Defense Industry Waiting for the Fog to Lift
As they seek to weather a perfect storm of Pentagon budget cuts, government dysfunction and uncertainty about future business, defense executives are eyeing the 2014 mid-term elections and the 2016 presidential race.
“These next elections are going to have an influence” in the future of defense industry, said David F. Melcher, CEO and president of Exelis Inc., a $6 billion firm that supplies high-tech equipment to the U.S. military.
Government contractors who depend almost entirely on sales to the Defense Department and other agencies are hoping for a more stable business and political climate, and are looking at 2015 and 2016 as key mileposts in their corporate strategies, Melcher said Oct. 2 at a conference hosted by the Atlantic Council, in Washington, D.C.
The chaotic political climate that led to massive spending cuts known as sequestration and the shutdown of the federal government Oct. 1 has kept defense industry in a wait-and-see mode. Investments will be put on hold, Melcher said, “until the fog lifts.”
The political gridlock that has kept the Pentagon funded by stopgap measures for the past three years has effectively frozen corporate planning, he said. “We spend time on the Hill trying to protect programs and giving members our opinions,” he said. But none of that outreach helped avert sequestration or reach a budget deal to fund the government. “We are concerned about the polarization, the shutdown being emblematic of that,” said Melcher.
The largest Pentagon contractors have been preparing for a downturn since 2010, when they began shedding workers and consolidating facilities. But beyond slashing expenses, there is not much else they can control, Melcher says. Also hurting industry is that the Pentagon, without a budget, is in a state of strategic paralysis.
“Our customers in some ways are just as confused in a chaotic environment as we are, as they try to work through these budget drills,” he said.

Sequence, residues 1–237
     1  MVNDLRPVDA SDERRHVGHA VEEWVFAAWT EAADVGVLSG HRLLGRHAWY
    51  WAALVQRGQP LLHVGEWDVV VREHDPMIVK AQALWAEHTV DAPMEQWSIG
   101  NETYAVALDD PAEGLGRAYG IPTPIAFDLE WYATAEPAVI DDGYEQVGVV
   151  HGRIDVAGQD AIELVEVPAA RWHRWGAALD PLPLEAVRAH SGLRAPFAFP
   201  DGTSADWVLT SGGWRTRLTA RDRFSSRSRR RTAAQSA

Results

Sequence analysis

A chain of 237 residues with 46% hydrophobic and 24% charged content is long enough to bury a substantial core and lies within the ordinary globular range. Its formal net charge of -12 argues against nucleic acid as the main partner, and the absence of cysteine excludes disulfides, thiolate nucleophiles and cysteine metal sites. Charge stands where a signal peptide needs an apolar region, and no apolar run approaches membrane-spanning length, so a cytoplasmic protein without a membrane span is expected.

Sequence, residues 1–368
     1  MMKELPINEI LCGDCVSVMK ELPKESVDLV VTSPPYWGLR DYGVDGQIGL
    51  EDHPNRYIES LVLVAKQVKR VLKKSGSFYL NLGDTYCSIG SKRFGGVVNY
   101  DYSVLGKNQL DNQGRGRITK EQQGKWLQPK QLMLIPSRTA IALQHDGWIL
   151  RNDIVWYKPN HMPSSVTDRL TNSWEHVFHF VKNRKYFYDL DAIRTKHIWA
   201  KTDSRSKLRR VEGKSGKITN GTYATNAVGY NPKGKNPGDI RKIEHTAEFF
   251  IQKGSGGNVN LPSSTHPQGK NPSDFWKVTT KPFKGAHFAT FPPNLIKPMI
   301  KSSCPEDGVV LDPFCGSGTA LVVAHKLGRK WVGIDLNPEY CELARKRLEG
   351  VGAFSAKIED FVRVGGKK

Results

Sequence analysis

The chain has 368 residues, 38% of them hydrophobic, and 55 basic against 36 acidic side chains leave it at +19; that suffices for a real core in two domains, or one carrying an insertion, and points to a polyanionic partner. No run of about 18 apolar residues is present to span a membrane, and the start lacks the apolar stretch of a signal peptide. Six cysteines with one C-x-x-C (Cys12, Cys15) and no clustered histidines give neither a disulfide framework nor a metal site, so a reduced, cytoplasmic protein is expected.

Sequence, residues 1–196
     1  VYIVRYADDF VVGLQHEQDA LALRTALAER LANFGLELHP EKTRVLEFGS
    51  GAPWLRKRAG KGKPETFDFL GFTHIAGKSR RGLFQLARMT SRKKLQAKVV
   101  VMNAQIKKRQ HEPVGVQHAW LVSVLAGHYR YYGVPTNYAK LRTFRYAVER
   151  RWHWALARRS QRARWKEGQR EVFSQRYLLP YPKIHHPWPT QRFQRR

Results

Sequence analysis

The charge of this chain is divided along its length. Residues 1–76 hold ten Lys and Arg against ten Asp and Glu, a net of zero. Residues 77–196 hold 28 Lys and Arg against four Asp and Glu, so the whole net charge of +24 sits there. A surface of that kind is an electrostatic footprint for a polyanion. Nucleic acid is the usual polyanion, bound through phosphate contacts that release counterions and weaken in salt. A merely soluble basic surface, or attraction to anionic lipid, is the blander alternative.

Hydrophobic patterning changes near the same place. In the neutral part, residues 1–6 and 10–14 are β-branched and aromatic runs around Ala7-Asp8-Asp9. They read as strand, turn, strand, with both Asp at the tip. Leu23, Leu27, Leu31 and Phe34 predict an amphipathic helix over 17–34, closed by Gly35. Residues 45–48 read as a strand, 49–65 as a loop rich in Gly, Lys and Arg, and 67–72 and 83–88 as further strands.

Although most contractors have accepted sequestration as the new reality, they are still uncertain of how damaging it will be to the industry, said Melcher.
Defense companies have seen financial success, nonetheless. They have reported some of the stock market's best returns, in part because sequestration has been baked into company valuations, said Melcher. “Wall Street believes industry understands what's going to happen and is accommodating cost structures.”
Recent hikes in interest rates also have bolstered stock valuations because higher rates reduce future pension liabilities. Defense investors have been rewarded with utility-like stock dividends, but that can only last for so long. Eventually, the industry needs to start investing in its future, said Melcher.
One of the yet-unknown effects of sequestration is the possibility that financially strapped subcontractors will go out of business. “The industrial base is a big concern,” he said. “In most cases where are have problems in programs, it is related to the supply chain. We are really pushing the boundaries of what the supply chain can deliver.”
The current government shutdown also is cause for alarm, especially if it lasts more than two weeks, Melcher said. In a protracted shutdown, contracts are not awarded, or paid, and government officials who supervise contractors are not on the job. “There is a definite and real impact for every company in this industry,” said Melcher.
The upcoming battle on Capitol Hill over raising the nation’s debt ceiling is keeping executives on edge. “It is going to be very symbolic of this nation's credibility and will have real impact on financial markets,” he said. “I'm not a big fan of the brinkmanship that has been used around the issue.”
Once some clarity emerges on federal budgets and other issues, a big wave of industry mergers and acquisitions is likely, he said. “Consolidation will happen,” he said. “There will be industry realignment. There has to be.” Shareholders like stock buybacks, but there's only so many shares to buy back, he said. “You need other investment strategies.”
Every company is keeping its powder dry when it comes to mergers and acquisitions, he said. “I don't think the Defense Department is going to stand in the way.”
Industry’s calls for funding stability have fallen on deaf ears on Capitol Hill, so companies are adjusting their expectations.
“Businesses can, and will, adapt,” said Melcher. “Budget stability is important, but we are actually interested in the government solving some other problems as well.” That includes investments in education,, corporate tax reform and trade reforms, said Melcher. “There are bigger issues than just the defense budget.”